It's increasingly difficult to be online these days without becoming acquainted with Tariq, better known as the "corn kid."
His interview with the web channel Recess Therapy was originally released at the beginning of August, and quickly blew up on TikTok and YouTube.
Then it was made into a song.
The song created an ouroboros of a viral moment within a viral moment — and has been used in over 400,000 TikTok videos since its release. The official music video for "It's Corn," released last Sunday, has already amassed over 1.6 million views on YouTube.
Many have celebrated the cultural moment for its earnestness and simplicity; just a boy and his love of corn. But for song creators the Gregory Brothers, making a viral sensation out of the everyday is nothing new.
The family band — Michael, Evan, Sarah Fullen and Andrew Rose Gregory — are responsible for some of the biggest viral songs of the past decade. You might remember the song created from the moment an awestruck man witnessed double rainbows while out on a mountain.
Or the "Bed Intruder Song," that repurposed a news interview with Antoine Dodson, and ended up becoming the most watched YouTube video of 2010.
A cursory glance through their YouTube channel history shows an expansive, decade-plus catalogue of songs made from non-songs.
How have the Gregory brothers been able to strike viral success over and over again? They think it's a perfect mix of many factors, including the right kind of original content.
"I think our videos are really about finding amazing moments on the Internet and celebrating them and amplifying them. They're about highlighting other people's interviews, original words. And I think that is what has given our videos staying power," Andrew Gregory said.
He also thinks that random, sometimes absurd subject matter piques people's interest in ways other music can't.
"When you turn on Z100 or another pop radio station, 99.9% of the songs are about love. And when people listen to our songs, they can finally hear a song about corn, or they can listen to people in waiting."
"There are a lot of love songs in the world, and nothing against love songs," Michael Gregory says. "We've written plenty of them ourselves. But there were not enough, muffin songs, corn songs, songs about riding your bike and being impaled by javelins because you were playing Happy Wheels."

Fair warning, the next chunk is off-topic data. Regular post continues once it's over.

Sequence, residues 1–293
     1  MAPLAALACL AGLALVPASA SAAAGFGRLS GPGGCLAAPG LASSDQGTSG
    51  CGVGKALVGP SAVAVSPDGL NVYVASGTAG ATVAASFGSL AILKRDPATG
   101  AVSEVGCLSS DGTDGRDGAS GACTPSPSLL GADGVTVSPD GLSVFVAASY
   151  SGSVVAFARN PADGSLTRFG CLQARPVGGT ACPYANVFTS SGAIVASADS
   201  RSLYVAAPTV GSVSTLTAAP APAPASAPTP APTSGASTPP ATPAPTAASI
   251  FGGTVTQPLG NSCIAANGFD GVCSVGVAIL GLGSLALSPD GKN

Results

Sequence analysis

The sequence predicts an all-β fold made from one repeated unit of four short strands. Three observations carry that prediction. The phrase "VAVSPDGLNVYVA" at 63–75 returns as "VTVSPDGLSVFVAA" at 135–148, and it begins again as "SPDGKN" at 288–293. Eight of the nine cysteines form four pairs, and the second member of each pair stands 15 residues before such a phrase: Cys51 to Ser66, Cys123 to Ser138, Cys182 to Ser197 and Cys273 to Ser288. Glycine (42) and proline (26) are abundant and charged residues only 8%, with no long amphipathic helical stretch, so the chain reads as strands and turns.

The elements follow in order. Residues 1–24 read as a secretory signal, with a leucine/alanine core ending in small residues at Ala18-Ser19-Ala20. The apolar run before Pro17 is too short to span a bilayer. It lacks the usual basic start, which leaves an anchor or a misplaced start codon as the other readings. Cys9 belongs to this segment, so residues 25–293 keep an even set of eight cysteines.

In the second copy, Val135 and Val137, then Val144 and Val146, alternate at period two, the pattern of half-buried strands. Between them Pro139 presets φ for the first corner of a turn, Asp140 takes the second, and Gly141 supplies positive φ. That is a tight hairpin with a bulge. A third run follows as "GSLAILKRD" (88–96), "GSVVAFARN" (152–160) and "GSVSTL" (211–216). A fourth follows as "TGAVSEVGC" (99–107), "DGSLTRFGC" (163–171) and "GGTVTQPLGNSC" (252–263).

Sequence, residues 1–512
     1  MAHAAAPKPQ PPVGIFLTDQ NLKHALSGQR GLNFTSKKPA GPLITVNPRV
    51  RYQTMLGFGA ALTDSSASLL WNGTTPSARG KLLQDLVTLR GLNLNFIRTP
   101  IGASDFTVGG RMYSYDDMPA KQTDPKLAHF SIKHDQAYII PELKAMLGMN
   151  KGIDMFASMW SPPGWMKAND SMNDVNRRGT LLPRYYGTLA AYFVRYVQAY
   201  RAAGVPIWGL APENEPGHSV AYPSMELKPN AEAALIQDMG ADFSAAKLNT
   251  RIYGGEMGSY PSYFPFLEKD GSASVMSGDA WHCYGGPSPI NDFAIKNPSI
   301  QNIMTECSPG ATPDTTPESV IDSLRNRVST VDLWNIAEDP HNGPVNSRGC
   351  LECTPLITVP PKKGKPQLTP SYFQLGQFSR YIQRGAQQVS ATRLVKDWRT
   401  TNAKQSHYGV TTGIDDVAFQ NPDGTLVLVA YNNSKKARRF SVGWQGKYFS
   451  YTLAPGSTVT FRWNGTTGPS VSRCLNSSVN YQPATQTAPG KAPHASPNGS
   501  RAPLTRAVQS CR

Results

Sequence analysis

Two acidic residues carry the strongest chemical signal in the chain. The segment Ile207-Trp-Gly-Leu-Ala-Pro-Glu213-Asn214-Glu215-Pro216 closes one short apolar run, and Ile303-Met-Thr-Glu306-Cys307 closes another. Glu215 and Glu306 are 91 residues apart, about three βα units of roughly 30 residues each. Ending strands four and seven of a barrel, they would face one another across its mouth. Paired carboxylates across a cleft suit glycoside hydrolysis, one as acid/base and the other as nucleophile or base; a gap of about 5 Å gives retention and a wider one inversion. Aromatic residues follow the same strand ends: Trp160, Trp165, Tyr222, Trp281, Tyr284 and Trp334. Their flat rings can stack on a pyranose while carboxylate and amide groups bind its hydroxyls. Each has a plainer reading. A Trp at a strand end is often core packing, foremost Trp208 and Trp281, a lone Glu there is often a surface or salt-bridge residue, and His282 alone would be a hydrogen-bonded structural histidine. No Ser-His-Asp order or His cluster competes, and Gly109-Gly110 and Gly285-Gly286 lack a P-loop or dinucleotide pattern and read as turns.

Music industry analyst Tatiana Cirisano says that part of their success is their deep understanding of online culture — aside from being talented musicians.
"They seem to have this really uncanny ability to understand when a meme has kind of reached the saturation point where enough people know about it, but people aren't sick of it yet, and it's the perfect moment to kind of turn it into a song," she says. "And the songs are undeniably catchy."
But she also attributes the success of songs like "It's Corn" to TikTok — a platform which didn't exist when the Gregory Brothers started to "songify" viral moments. By its nature, TikTok doesn't just encourage people to consume viral content — it invites them to build upon it with their own creative spin.
"It's going to spread farther and wider and kind of have more of a cultural impact because people are engaging with it in their own way," Cirisano says.
And it's exactly this kind of reach that the Gregory Brothers makes their work accessible to so many.
"You could literally be a hermit. You can have left society for four years or decades. You could come into society. You can be having your first day in society," Michael says. "Somebody brings you to a laptop and shows you this one video. And I think you would understand and maybe cry it at the beauty that civilization has created while you were gone."
In this case, the beauty that civilization created was a collaboration between The Gregory Brothers; the host of Recess Therapy, Julian Shapiro-Barnum; and of course, Tariq, who will be getting his own equal split of royalty revenues.
"Our main focus is always and from the beginning has been to make sure that people, the people in viral moments, benefit from the viral moment. I don't know if that makes me a meme socialist or a meme leftist, but I think that is the best thing," Michael says.
For some there might be one thing better.